The filing of House Bill 2866 during the Seventh Congress of the Philippines continually elevated the status of the school. The bill made possible the conversion of the Echague Agricultural and Forestry School into a state college. The conversion move was approved by the Lower House on April 17, 1972 and was subsequently passed by the Senate on May 30, 1972. However, its presidential approval was made pending. But shortly after the declaration of Martial Law, the bill was finally signed and the now state college was named Isabela State College of Agriculture. With its new status, the programs in agriculture, forestry and home economics were expanded and engineering, agri-business and post-secondary two-year courses were opened.
The Educational Decree of 1972 promulgated on September 20, 1972 set another direction for the educational system. The decree declared a government policy to re-orient the educational system for an accelerated national economic growth and social development. During this time, the province of Isabela was also experiencing growth in many aspects. As the province saw the need to accommodate the results of its growth and respond to the call for national development through education, it felt the need to integrate and convert the institutions of higher learning into one effective and efficient state university. Presidential Decree (PD) 1434 then emerged two state colleges- the Isabela State College of Agriculture in Echague and the Cagayan Valley Institute of Technology (CVIT) in Cabagan to become the Isabela State University. This also transferred the college level courses of the Isabela School of Arts and Trades in Ilagan; the Jones Rural School in Jones; the Roxas Memorial Agricultural and Industrial School in Roxas; the San Mateo Vocational and Industrial School in San Mateo. As likewise provided in the same decree, Echague campus is the seat of the administration. PD 1437 complemented PD 1434 by defining the composition, powers, and functions of the governing board which was amended by RA 8292 (Higher Education Modernization Act of 1997).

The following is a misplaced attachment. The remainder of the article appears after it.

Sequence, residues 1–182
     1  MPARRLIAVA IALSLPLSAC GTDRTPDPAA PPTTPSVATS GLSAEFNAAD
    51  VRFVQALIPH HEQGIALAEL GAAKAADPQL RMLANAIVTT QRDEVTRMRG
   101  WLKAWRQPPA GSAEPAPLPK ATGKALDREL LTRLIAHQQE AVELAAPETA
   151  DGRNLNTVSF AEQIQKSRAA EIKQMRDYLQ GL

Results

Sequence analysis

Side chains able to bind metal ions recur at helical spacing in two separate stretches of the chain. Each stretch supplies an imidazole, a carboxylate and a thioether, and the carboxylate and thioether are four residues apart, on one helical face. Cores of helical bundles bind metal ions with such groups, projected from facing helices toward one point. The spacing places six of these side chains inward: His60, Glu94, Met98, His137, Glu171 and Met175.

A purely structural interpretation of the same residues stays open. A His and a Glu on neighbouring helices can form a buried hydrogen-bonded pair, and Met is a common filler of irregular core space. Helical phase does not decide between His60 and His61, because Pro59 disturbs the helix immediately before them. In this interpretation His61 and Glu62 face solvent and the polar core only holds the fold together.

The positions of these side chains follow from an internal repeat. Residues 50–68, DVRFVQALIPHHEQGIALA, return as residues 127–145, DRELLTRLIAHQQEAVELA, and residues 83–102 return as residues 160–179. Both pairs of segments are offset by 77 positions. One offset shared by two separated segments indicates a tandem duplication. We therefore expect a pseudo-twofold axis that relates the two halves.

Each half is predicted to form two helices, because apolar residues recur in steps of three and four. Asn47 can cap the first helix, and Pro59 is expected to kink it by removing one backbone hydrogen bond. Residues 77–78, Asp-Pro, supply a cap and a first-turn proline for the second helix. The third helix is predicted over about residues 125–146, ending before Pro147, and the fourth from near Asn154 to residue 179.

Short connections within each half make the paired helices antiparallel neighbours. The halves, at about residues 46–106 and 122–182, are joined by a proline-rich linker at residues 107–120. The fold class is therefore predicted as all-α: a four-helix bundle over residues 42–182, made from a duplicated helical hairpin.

In 1999, the CHED Memorandum Order No. 18 s. 1999 which provides the guidelines for the integration of CHED Supervised Institutions (CSIs) to SUCs, was enacted. Pursuant to this order, the first CHED supervised institution that was integrated into the University is the Cauayan Polytechnic College at Cauayan Isabela in 2000. In 2002 another three CSIs were integrated into the system, namely: the Roxas Memorial Agricultural and Industrial School (RMAIS) with ISU Roxas Campus; the Delfin Albano Memorial Institute of Agriculture and Technology (DAMIAT) in San Mariano, Isabela; and, the Angadanan Agro-Industrial College (AAIC) in Angadanan, Isabela. With the enthusiasms of the Palanan and Santiago City Local Government Units (LGUs), the ISU and the said LGUs had entered into a Memorandum of Agreement (MOA) to establish extension campuses to their respective places. Palanan campus was established in 2004 while, Santiago City ISU campus last June 2008. To date the university has 11 campuses grouped into 4 clusters strategically located in the four congressional districts of Isabela.
On June 10, 2008, the Isabela State University celebrated its Pearl Founding Anniversary (30th year) of glorious existence and modest contribution to countryside development as it has continually committed itself to its tradition of quality and excellence in education.